Subject: Re: CVS commit: syssrc/sys/miscfs/nullfs
To: Bill Studenmund <email@example.com>
From: enami tsugutomo <firstname.lastname@example.org>
Date: 04/01/2002 09:42:23
Bill Studenmund <email@example.com> writes:
> > > We could, but how do we re-establish that reference? The problem is
> > > that it is perfectly valid to take the inactivated vnode off of the
> > > free list and start using it. Without a call to the file system's
> > > code (there is no VOP_REACTIVATE()). So how do we do that
> > > establishment?
> > Yes, we don't have necessary machinary. Probably we need to hook two
> > case, one is when vnode is get off from free list to reuse for the
> > same purpose (reactivated) and other is to reuse for different purpose
> > (recycled).
> The problem though is that we have a race condition. Until the layer node
> vget()'s the lower node, something else could ask for a new vnode, and it
> will get reclaimed. So then we'll have the upper vnode with nothing under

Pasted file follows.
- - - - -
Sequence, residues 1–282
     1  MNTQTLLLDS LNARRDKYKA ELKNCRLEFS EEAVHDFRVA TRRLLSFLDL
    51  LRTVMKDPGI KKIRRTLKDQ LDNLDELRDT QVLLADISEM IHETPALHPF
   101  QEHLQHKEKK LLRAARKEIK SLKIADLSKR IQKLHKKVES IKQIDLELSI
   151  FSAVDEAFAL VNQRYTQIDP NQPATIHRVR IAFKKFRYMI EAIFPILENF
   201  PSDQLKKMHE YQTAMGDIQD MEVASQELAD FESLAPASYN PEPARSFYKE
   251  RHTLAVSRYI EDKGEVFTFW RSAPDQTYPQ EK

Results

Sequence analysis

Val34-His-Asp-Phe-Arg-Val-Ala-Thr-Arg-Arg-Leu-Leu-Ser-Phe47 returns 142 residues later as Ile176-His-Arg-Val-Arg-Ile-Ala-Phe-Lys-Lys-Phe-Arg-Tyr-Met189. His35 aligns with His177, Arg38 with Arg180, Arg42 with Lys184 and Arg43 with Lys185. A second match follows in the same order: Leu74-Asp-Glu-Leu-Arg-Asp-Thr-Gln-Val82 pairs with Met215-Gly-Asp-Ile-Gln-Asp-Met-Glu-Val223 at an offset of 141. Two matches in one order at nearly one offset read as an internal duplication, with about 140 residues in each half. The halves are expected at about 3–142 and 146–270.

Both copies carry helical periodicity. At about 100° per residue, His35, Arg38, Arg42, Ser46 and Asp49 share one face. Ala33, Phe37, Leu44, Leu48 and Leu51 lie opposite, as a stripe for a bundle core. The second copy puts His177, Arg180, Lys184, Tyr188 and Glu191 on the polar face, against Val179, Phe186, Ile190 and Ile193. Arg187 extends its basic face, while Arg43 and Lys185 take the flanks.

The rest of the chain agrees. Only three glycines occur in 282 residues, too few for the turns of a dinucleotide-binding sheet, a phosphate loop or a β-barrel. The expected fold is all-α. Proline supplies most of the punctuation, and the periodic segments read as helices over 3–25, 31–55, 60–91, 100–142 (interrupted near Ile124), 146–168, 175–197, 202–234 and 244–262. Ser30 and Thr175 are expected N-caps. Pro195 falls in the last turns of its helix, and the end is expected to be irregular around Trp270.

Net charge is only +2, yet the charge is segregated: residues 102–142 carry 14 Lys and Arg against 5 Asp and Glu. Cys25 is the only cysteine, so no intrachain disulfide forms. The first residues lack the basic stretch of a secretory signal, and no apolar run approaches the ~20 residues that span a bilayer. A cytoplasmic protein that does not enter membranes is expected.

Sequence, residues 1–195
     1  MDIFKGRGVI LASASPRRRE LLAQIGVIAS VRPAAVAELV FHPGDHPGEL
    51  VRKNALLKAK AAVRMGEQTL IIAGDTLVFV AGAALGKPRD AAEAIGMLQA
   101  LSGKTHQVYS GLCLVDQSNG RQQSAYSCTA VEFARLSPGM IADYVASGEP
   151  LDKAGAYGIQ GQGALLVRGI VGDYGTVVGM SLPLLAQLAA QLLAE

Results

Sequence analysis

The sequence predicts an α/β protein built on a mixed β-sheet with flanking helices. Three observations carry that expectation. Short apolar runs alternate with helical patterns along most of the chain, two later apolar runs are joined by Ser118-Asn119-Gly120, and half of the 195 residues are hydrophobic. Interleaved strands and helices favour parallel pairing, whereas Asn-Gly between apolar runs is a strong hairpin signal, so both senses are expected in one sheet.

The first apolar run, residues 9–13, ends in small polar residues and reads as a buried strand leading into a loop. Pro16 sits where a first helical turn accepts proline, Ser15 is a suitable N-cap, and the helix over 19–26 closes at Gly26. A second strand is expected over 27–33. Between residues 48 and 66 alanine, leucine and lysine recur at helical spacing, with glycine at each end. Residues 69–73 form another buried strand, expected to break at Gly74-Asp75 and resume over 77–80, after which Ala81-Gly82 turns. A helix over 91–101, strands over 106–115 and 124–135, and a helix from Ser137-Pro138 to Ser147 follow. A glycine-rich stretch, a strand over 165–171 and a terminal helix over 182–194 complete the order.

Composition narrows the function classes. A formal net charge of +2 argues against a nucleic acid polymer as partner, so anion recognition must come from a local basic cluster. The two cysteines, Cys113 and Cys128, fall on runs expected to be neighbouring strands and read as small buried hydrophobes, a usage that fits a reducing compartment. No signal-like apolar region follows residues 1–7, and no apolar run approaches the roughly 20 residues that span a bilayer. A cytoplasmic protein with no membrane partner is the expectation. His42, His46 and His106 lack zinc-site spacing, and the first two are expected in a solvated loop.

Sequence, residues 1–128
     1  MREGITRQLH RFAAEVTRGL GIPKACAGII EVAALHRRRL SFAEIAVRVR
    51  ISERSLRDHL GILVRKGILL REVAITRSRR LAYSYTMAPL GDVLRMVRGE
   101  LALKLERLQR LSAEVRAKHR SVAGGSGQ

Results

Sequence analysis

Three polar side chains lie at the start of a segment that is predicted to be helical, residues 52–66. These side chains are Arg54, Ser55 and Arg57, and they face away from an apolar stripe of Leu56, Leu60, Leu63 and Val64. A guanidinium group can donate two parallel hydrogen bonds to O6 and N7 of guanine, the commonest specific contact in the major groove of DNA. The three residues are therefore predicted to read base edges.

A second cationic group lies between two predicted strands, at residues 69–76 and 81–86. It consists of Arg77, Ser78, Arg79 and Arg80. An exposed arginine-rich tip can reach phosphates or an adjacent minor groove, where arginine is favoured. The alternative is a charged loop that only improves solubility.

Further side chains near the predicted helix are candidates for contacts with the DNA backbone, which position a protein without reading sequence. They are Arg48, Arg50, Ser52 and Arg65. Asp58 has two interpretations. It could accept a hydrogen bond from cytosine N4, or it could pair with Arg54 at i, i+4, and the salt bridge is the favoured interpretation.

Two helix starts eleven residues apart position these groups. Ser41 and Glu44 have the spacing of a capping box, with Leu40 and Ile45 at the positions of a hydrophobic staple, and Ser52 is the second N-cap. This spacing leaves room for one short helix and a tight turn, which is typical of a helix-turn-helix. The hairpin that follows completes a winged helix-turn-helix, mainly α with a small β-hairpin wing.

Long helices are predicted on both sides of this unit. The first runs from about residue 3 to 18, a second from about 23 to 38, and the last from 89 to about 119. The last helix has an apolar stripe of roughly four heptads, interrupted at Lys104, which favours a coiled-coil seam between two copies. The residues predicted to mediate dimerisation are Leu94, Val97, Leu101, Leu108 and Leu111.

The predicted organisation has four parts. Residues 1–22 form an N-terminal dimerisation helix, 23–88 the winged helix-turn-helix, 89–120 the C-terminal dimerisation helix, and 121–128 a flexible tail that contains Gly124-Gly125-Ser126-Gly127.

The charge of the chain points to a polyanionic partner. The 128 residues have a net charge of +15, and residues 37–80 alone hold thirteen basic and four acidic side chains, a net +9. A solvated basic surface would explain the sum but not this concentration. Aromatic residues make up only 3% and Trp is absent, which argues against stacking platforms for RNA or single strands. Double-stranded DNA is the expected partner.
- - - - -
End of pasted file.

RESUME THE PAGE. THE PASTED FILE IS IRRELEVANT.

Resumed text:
> it. _And_ no way of getting it back.
Yes, we need either to make sure lower vnode aren't reclaimed during
reactivation or to know that they are reclaimed. Similar race will
occur while upcalling since upper vnode may be on the free list (but
probably easier to solve since can be processed one by one).
Since we need to reactivate while searching cached node, we can just
return `not found' if failed to reactivation. Am I missing something?
> Have you read John Heidemann's dissertation? That's where a lot of the
> ideas behind our layered file system come from (though with adaptations).
No, not yet. Could you please give me a pointer?
> One of the ideas he talks about is caching data at the top of a stack. It
> doesn't make much difference with only one layer, but with more than one,
> it can really help. I'd like us to be able to do that. Also, it makes
> sense to not destroy those cachings when the upper node goes on the free
> list since it might get re-used. But if we have upper nodes caching
> things, I'd really like there to be a clear path to the node with the
> caching. The idea I came up with of having a list of nodes layered over
> one was one way of doing it.